Finally, in our budget we are making a commitment to creating a geography of opportunity for all Americans by investing $150 million in a new Sustainable Communities Initiative that will integrate transportation and housing planning and decisions in a way that maximizes choices for residents and businesses, lowers transportation costs and drives more sustainable development patterns. The average working family spends nearly 60% of its budget on housing and transportation costs.
To accomplish our budget goals, we are investing in new kinds of partnerships and collaborations with our partners both in and out of government to find innovative solutions to the challenges facing our nation. Through the Sustainable Communities Initiative, we are working with the Department of Transportation to lower housing and transportation costs and expand every family's choices for affordable housing and transportation by better coordinating our investments at the federal level.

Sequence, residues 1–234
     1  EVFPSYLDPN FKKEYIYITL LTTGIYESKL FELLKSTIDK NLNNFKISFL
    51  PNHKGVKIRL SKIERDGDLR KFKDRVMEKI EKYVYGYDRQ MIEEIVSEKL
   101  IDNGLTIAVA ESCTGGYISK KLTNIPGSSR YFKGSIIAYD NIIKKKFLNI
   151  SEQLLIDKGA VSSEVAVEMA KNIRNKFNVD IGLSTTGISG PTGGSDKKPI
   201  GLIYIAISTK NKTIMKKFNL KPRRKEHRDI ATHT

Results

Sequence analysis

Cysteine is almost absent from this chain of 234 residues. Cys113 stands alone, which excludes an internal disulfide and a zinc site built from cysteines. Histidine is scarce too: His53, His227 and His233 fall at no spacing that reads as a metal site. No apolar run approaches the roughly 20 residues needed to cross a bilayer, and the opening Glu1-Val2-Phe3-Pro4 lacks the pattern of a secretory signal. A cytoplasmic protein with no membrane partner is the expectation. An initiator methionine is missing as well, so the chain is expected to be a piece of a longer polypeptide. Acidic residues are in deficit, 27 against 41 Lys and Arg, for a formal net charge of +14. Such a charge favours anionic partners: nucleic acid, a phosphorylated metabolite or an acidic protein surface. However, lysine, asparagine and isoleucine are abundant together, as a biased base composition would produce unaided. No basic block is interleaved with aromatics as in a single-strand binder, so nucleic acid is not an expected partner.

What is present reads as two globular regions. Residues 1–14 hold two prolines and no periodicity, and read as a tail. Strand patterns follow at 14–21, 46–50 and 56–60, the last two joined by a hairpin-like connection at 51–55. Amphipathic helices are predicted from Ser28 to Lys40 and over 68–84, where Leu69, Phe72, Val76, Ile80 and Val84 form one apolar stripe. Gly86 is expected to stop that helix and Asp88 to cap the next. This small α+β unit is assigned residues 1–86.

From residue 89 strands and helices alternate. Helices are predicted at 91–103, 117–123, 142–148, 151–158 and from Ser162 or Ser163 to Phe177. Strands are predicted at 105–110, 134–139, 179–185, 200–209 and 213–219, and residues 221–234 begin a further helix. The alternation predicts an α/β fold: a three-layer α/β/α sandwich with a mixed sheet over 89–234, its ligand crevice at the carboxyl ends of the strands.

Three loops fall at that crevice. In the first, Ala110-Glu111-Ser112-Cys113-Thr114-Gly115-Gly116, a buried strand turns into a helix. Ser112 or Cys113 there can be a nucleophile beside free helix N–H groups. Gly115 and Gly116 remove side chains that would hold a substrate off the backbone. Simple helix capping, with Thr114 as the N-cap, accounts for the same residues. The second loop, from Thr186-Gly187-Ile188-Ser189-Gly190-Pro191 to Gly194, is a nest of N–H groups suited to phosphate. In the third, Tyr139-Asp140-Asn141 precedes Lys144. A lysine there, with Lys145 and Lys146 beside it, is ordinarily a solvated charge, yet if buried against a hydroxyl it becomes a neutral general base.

Most importantly, this Initiative furthers our commitment to fair housing by taking steps to remedy the problems imposed by concentrations of poverty across the country and give all Americans equal housing choice. This is just one example of the kind of innovation and collaboration you'll see on fair housing at HUD both now and into the future.
Under the new Administration, we will work to reinvigorate the fair housing function that HUD serves, and I call on you and all of our partners across the country to stand with me in this effort.
Our successes in ensuring equal housing opportunity for all Americans demands an unprecedented level of collaboration, coordination, and communication between HUD, other federal agencies, state and local government, and community agencies just like the membership of the National Fair Housing Alliance. As Dr. King once said, the arc of the moral universe is long, but it bends towards justice. I look forward to working closely with all of you here today to make our vision for a more perfect union a reality for our families, for our communities, and for our country.
Thanks again for inviting me here today and I am now happy to take any questions that you may have.